Established in 1860 by Mary Tealby as the Temporary Home for Lost and Starving Dogs, in Holloway, north London, the charity moved to its present home in Battersea in 1871, and in 1883 started taking in cats. Its motto is simple – “We aim never to turn away a dog or cat in need of our help” – and every year 12,000 animals are taken in by the Home’s three centres in London, Kent and Berkshire.

The 150th Anniversary of Battersea Dogs & Cats Home stamps

The 150th Anniversary of Battersea Dogs & Cats Home stamps

The dogs and cats featured on the new stamps were all abandoned by their owners, but later re-homed by the charity. They were beautifully photographed by Steve Hoskins, and sit proudly amongst the many previous stamp issues featuring dogs and cats.

Constable's painting The Hay Wain as it appeared on a stamp in 1968

The Hay Wain by Constable on a 1968 stamp

The first dogs and cats on British stamps were incidental figures, in the backgrounds of scenes. The earliest example we could find is a dog which can be seen in the background of rural Suffolk scene in Constable’s painting The Hay Wain, featured on a stamp as part of the British Paintings issue, 1968. The dog is a little hard to see, but you can zoom in on the painting to see it at the website of the National Gallery, who own the painting.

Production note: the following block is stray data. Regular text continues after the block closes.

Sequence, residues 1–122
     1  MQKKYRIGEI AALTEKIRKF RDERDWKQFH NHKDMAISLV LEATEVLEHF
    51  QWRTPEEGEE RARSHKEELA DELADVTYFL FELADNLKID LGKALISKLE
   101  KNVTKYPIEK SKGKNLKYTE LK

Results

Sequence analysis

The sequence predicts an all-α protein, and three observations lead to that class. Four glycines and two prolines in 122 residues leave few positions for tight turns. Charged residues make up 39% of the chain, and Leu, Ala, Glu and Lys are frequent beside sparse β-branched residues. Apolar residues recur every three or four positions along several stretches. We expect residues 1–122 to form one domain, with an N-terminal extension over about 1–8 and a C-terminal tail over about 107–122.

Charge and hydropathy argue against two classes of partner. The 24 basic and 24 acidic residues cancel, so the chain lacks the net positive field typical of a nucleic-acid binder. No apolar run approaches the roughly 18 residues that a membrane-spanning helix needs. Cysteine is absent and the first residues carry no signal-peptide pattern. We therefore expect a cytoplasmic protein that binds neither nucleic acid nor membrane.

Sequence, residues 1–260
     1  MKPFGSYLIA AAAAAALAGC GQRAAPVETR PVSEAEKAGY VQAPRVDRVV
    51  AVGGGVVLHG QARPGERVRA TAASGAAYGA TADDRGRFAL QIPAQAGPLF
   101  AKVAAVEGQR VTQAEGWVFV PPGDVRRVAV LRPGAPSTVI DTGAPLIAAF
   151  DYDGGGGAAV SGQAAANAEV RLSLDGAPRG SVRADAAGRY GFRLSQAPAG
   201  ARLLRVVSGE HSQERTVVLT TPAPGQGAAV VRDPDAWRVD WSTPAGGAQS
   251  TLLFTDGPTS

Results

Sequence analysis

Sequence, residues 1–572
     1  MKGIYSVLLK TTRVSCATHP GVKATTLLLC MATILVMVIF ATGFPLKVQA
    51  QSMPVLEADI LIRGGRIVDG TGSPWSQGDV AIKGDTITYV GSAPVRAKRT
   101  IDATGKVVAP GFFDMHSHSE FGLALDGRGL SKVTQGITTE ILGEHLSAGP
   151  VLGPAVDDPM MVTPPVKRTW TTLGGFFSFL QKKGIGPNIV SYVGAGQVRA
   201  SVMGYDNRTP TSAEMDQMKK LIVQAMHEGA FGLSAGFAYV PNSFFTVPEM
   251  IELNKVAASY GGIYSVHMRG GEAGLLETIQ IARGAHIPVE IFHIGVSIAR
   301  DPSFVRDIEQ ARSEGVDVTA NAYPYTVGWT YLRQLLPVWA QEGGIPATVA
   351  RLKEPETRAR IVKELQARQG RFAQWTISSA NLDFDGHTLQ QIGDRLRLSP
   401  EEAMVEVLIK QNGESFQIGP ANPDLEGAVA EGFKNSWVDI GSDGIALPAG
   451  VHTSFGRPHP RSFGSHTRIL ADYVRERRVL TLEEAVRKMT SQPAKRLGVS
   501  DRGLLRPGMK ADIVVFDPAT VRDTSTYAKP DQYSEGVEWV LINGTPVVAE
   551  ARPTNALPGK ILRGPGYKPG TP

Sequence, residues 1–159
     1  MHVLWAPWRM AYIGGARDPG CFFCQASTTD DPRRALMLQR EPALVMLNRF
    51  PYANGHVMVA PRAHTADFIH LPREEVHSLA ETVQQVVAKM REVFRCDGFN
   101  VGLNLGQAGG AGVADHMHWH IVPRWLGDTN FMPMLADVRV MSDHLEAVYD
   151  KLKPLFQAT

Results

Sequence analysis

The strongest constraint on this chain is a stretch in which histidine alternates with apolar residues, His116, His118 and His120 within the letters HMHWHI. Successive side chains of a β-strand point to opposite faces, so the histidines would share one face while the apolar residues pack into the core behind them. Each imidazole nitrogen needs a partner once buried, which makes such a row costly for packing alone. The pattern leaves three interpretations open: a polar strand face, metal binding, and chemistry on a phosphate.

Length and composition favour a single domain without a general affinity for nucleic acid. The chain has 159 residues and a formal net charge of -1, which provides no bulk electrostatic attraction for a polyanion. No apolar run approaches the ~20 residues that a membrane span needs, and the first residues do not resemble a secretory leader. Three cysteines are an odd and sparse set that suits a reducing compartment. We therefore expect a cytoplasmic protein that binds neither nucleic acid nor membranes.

Early produce fairs stamp, from the British Fairs issue 1983

Early produce fairs stamp, 1983

The first cat on a British stamp that we could find can be seen in the background of a stamp on Early Produce Fairs, released in 1983 as part of the British Fairs series. The cat, visible as a purple silhouette only, observes the other animals, and the fruits and vegetables, which are on sale. The British Fairs issue was designed by Andrew Restall, and some of Restall’s original sketches for this issue are held by the Aldrich Collection, University of Brighton.

Dogs stamp issue, 1979

Dogs stamp issue, 1979

The first British stamp issue dedicated to Dogs was released in 1979 and features painting of four different breeds of dog by artist Peter Barrett. Barrett is best known for his watercolours and illustrations of wildlife and the countryside.